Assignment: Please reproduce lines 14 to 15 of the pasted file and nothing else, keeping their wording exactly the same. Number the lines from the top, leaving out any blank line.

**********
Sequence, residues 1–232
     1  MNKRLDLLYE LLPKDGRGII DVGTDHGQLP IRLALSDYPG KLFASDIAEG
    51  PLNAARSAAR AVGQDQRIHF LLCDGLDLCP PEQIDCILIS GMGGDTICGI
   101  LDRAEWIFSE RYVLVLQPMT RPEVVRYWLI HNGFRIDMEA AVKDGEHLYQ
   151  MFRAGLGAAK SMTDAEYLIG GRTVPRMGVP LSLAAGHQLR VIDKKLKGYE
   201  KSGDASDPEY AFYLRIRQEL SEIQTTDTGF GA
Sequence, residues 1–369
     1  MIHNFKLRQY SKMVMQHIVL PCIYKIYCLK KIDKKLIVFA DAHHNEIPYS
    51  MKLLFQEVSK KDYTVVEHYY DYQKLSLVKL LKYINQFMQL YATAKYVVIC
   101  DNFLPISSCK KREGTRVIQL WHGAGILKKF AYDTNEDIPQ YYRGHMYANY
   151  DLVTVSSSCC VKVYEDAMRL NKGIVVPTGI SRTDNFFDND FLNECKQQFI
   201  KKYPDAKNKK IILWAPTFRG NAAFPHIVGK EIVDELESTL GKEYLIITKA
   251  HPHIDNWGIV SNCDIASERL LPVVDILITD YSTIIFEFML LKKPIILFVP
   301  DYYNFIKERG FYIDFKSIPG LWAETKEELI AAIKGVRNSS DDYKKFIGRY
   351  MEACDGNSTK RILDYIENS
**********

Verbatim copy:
   301  DYYNFIKERG FYIDFKSIPG LWAETKEELI AAIKGVRNSS DDYKKFIGRY
   351  MEACDGNSTK RILDYIENS